Brazil on Thursday (Mar. 8) signed a cooperation agreement alongside Chile and Colombia to take part in the initiative Copernicus – European Union (EU) Observation and Monitoring Program. The move grants these Latin American countries access to information produced by six sets of satellites. In exchange for these data, partner countries will share the resulting analysis with other participants.
“The contribution of Brazil, Chile, and Colombia aims to collect the data and use them to address the issues and then give us feedback, saying how the data were useful,” said EU Ambassador for Brazil João Gomes Cravinhos. The system, he said, offers a wide range of information, and makes it possible to observe weather events, atmospheric conditions, land use, and ocean activities.
“The whole thing has to do with climate change, natural disasters, changes in the sea—from stocks of fishes to temperature-related issues—whatever happens with El Niño. All these phenomena can be easily monitored in order to allow authorities in Brazil, Colombia, and Chile to find answers for their public policies concerning the problems that may arise,” the ambassador went on to say.
Learn MoreFirst Brazilian satellite starts operations
The partnership with Latin American countries comes as part of a proposal for the expansion of the Copernicus program, said Philippe Brunet, director for space policy at the EU commission. Next, similar pacts are expected to be signed with Asian countries, like India.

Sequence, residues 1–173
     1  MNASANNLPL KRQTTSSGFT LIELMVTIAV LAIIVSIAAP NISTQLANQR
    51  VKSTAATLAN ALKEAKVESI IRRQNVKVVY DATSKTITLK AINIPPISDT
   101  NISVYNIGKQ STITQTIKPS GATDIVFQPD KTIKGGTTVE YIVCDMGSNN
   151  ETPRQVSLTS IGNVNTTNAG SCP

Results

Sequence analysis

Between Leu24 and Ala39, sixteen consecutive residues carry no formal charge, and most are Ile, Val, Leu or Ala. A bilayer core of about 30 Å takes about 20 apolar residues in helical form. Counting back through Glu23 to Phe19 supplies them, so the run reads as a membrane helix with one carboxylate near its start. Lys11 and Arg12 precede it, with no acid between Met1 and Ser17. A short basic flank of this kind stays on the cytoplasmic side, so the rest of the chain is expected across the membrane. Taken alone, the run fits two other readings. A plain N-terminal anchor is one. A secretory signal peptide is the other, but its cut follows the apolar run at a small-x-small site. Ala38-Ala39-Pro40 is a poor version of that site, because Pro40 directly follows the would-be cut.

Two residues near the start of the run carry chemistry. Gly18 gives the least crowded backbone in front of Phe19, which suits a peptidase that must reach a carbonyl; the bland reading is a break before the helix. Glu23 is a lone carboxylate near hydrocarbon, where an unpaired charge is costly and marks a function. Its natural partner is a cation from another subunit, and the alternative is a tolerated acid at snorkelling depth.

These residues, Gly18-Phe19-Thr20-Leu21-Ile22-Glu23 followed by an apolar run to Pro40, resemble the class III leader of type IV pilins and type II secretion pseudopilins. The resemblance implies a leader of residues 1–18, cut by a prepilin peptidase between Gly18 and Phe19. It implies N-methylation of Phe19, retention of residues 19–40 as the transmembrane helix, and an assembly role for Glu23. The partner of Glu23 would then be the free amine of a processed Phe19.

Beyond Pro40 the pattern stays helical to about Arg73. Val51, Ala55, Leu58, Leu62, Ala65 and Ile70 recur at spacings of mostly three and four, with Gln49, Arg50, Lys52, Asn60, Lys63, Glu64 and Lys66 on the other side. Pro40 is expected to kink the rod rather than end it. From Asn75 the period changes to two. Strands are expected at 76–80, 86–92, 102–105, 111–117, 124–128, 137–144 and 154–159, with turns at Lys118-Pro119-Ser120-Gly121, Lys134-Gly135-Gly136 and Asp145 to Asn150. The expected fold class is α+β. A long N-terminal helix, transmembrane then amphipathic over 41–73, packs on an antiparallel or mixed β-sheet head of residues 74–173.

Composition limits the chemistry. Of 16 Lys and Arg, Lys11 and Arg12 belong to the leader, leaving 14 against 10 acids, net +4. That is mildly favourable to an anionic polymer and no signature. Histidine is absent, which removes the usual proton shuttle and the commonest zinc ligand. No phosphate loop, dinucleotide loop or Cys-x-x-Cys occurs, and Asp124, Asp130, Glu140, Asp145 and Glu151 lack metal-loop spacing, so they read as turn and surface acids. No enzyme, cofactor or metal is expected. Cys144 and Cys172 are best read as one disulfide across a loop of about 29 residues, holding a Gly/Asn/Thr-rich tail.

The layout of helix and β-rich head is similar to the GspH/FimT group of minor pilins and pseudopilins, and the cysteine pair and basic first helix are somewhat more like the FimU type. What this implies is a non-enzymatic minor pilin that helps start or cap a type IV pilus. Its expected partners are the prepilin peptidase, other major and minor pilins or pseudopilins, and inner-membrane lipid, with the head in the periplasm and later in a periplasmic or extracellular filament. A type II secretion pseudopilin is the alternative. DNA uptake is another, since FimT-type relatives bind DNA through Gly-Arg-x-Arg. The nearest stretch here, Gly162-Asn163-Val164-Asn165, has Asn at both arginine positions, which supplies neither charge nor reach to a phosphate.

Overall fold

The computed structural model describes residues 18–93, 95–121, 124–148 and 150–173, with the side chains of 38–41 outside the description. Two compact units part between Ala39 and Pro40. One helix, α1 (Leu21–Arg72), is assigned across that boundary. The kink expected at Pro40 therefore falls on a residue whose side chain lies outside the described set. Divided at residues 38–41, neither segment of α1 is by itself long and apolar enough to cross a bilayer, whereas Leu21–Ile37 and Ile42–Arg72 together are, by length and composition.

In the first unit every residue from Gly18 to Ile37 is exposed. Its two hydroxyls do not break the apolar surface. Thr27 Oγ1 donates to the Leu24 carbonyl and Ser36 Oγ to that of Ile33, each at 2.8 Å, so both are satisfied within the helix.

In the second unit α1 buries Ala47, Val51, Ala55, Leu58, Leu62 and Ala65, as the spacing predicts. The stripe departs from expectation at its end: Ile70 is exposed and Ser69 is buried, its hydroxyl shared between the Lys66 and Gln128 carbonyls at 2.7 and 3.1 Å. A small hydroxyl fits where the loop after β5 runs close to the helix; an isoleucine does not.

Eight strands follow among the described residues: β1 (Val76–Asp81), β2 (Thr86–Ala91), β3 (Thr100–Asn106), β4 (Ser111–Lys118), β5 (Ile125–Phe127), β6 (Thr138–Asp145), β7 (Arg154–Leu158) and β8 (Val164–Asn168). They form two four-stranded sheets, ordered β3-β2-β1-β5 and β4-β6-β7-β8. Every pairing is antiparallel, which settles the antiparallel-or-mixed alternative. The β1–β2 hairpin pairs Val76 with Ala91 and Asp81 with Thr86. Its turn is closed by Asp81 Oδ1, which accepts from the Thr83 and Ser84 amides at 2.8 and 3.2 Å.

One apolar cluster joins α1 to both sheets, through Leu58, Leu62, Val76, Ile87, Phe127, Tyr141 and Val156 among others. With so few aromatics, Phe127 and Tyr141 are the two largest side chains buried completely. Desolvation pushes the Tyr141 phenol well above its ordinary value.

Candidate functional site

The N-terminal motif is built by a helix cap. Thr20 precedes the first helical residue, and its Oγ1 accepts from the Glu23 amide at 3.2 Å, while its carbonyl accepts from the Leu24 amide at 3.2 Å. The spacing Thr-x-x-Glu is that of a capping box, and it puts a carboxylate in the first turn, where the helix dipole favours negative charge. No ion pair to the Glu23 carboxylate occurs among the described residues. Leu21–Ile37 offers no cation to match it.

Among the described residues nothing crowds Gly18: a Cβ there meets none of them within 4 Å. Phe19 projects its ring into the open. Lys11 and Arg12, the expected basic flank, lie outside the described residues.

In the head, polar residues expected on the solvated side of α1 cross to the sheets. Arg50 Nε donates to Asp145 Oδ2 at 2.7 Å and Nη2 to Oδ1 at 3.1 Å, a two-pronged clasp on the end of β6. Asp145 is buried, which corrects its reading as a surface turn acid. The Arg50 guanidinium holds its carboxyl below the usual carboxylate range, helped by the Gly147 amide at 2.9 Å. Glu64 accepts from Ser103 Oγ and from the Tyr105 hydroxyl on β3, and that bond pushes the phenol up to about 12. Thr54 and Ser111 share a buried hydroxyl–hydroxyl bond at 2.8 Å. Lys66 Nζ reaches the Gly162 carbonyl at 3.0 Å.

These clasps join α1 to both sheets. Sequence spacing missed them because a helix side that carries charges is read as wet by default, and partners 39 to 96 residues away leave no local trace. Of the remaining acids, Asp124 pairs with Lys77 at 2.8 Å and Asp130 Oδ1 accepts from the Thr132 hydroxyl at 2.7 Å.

In Brazil, the data will be processed at the National Institute for Space Research (INPE). Ricardo Galvão, director-general at the institute in Ribeirão Preto, a city some 400 km from São Paulo city, the system represents major improvements as it provides information beyond the data offered by regular, present-day technology. “Radar satellites are important because they produce images even when clouds cover a given area,” he explained.
The European satellites will also make it possible to quickly keep track of deforestation in the Amazon and other biomes, like Brazil's cerrado. According to the director, Brazilian satellites have a 10-day delay on their course between a moment of activity and the next, which allows criminals to work in these time spans.
The Copernicus system has been used in Chile, bolstering efforts to fight wildfire in the summer of 2017 and to help the government in the aftermath of the 2016 earthquake.